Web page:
A tropical still life by Cyndy Rymer composed of printed and beaded Extravorganza flowers in a vase of polyester organza. Click image to read Cyndy’s recent guest post.
A workshop project: a posy of roses in a transparent vase. Click the image for class details.

I know my closing diverges from quilting, but I just had to share a photo from a recent cherry-picking foray with my family in a Brentwood, CA fruit orchard. Now that summer is in full swing, I hope you have a chance to enjoy your local farmers’ markets and pick-your-own farms.  If you live near Northern California or will be traveling our way try this online resource for farms and roadside stands.

Fresh from the orchard–Ranier and Bing cherries–shiny and delicious.

May your gardens and quilts be abundant!

Hot Off the Press – Quilters’ Travel Companion 12th Edition and a Giveaway!

I don’t know what compels most quilters to seek out every fabric shop, but we do. I used to think it was just me – but now I know better. An absolute must for road trips is the Quilters’ Travel Companion. Published by Chalet Publishing, this book is a comprehensive guide to North American quilt shops, along with quilt show, shop hop, guild, and quilt-retreat facility information. They’re celebrating their 20th year with the 2012-2014 – 12th Edition!

The front cover of Quilters’ Travel Companion – 2012-2014 Edition.

The new edition, which is available now in your local quilt shop, contains over 2000 featured quilt shops, with key information about each shop (address, phone, number of bolts, business hours, specialties, etc.) and a map to its doorstep. Listings are organized by state, and geographically within the state, so ads for close-by shops appear together. A directory of all the state’s quilt shops appears at the end of that state’s listings. Quilt show, shop hop, and guild information is organized by state and time of year. Updates and new information can be found on the Quilters’ Travel Companion website. When you purchase the book and send them your email address, you’ll receive an up-to-date newsletter every six months.

As a quilt-shop addict and lover of road trips, I consider the Quilters’ Travel Companion an invaluable resource. (I’ve purchased the last three editions.) However, it’s definitely time for a new one. Here’s a look at my 11th edition: dog-eared in the front and soaked with a latte in the back. You should see the inside – lots of notes along with the coffee stains!

Audrey Swales Anderson from Chalet Publishing has generously donated a copy of the new edition for our giveaway. To be entered into the contest, post a comment by June 29th and let us know why you need a copy of QTC. The winner will be announced in my post on July 3rd.

Happy travels.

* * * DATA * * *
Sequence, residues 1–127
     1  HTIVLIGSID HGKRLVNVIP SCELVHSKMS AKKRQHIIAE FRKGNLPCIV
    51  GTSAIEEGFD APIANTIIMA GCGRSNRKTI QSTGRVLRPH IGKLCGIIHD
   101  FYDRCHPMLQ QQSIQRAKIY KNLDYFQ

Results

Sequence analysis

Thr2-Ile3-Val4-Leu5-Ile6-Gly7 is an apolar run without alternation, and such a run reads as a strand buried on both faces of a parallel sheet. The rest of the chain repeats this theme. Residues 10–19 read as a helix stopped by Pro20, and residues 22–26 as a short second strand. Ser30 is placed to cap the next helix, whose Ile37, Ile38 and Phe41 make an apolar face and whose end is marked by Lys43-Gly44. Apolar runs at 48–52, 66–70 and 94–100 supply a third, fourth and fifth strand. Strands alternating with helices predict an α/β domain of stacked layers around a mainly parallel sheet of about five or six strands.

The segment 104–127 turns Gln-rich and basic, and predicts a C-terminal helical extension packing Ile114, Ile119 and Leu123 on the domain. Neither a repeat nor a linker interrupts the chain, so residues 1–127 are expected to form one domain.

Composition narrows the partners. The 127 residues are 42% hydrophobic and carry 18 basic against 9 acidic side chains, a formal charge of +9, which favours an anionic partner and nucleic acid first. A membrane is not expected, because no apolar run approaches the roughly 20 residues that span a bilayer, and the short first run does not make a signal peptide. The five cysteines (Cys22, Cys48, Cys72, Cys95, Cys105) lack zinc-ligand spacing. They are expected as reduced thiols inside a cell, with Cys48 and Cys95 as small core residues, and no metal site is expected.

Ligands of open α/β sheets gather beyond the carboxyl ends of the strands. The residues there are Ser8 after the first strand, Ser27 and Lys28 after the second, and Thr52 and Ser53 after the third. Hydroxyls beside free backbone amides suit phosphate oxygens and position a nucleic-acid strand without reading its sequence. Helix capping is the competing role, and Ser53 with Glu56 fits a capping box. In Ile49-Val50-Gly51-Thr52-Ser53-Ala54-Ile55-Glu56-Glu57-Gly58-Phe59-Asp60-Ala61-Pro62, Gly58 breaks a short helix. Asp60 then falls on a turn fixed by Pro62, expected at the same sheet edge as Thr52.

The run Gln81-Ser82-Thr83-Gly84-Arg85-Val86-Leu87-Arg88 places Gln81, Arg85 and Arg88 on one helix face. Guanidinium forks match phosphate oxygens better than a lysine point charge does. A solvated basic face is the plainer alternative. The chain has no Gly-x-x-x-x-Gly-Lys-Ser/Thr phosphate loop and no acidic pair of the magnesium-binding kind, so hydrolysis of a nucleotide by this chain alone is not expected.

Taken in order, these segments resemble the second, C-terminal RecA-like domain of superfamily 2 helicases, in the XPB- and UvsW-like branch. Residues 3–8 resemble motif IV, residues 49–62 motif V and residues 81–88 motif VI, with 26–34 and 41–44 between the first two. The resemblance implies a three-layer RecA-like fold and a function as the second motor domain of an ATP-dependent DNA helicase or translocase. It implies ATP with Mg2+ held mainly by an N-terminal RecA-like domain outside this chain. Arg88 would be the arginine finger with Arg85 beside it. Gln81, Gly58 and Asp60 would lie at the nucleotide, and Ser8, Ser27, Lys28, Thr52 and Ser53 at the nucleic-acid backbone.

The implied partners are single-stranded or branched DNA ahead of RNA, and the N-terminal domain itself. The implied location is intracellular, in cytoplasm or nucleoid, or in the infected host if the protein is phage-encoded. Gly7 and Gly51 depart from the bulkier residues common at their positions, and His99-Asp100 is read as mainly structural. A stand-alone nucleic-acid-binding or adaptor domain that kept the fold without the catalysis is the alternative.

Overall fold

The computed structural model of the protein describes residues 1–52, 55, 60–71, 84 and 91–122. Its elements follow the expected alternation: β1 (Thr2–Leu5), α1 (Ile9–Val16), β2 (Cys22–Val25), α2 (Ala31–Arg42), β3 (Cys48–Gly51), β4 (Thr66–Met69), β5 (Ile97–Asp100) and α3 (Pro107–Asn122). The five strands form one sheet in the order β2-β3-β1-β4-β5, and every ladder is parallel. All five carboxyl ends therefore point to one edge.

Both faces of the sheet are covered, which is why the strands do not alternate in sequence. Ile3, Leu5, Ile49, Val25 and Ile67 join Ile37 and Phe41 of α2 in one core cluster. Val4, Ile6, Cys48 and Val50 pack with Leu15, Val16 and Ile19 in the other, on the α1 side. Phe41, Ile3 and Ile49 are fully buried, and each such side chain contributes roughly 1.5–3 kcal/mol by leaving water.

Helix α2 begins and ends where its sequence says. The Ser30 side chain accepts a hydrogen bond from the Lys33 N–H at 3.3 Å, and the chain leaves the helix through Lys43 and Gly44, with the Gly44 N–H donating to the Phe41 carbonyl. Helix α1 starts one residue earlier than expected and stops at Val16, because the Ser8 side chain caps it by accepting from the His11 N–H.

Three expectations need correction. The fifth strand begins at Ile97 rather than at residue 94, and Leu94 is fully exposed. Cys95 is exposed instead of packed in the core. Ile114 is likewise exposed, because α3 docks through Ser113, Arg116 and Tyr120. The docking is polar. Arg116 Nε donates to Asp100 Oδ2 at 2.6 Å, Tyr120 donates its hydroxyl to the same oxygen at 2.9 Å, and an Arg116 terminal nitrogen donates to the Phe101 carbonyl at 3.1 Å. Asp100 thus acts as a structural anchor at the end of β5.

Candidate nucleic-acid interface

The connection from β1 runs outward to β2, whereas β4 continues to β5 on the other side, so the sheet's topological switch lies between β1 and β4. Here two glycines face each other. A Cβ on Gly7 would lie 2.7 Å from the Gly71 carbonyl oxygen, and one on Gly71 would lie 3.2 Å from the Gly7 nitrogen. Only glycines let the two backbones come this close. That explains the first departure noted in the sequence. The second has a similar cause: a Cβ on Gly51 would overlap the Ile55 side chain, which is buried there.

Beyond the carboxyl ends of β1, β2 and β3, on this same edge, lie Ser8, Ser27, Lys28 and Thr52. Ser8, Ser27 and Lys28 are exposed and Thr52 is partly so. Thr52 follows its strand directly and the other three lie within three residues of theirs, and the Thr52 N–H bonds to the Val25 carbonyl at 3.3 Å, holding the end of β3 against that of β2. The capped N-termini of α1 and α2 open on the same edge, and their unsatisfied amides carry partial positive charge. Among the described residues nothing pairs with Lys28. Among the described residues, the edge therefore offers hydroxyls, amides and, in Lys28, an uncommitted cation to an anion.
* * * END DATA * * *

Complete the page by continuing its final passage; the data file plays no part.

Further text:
Grandpa to Grandson: Linking Generations with a Very Special Quilt – Part 1 (Free Pattern)

Christy and I met in 1952, when our parents bought tiny post-war tract houses across the street from each other in a small New Jersey town. We were barely beyond the toddler stage, and the connection was instantaneous—and enduring. We grew up sharing childhoods, milestones, secrets.

That’s me on the left, Christy on the right. Our dads often took us on Saturday outings. Here we’re on our way to see the Mayflower II in New York City harbor.

I was maid of honor when Christy married Ray in 1969. She was 18, he was 20. People said it wouldn’t last. People were wrong.

In the spring of 2010, shortly after the couple celebrated their 42nd wedding anniversary, Ray was diagnosed with cancer. He passed away last August, just before his 63rd birthday. As so often happens, very soon after, their youngest son and his wife discovered that their first child was on the way–the first male grandbaby. Sadly, this new little one would never know his Grandpa Ray.

Whoa! Not so fast! Within a few months, a box arrived on my doorstep. It was filled with…

…shirts! Yes, Christy had packed up a collection of Ray’s cotton shirts and sent them in my direction. I cut off the collars and yokes, sleeves, and plackets…

…and separated the body of each shirt into three large pieces.

I cut the large pieces into 5″ squares, arranged them on my design wall, and added some “hugs and kisses” with raw edge applique.

I stitched the squares together (easy peasy!), added a border, and voila!

“Hugs and Kisses from Grandpa” (39″ x 48″), made by Darra Williamson

Just in time, too.

Finnegan (Finn) Raymond Mitchell, born earlier this month in Florida. Isn’t he beautiful? He’ll be wrapping himself in Grandpa’s love very soon.

“Hugs and Kisses” is off being quilted, and I’ll include a photo of the finished quilt, with details about its pieced-from-leftovers binding and special label, in one of my July posts. Meantime, if you’d like to make this quilt for a precious little someone, you’ll find the instructions (including patterns for the letter appliques) in our Pattern Library.

I’ll be finishing off the quilt with a binding pieced from shirt leftovers.

Oh, and Grandma?

She’s doing just fine!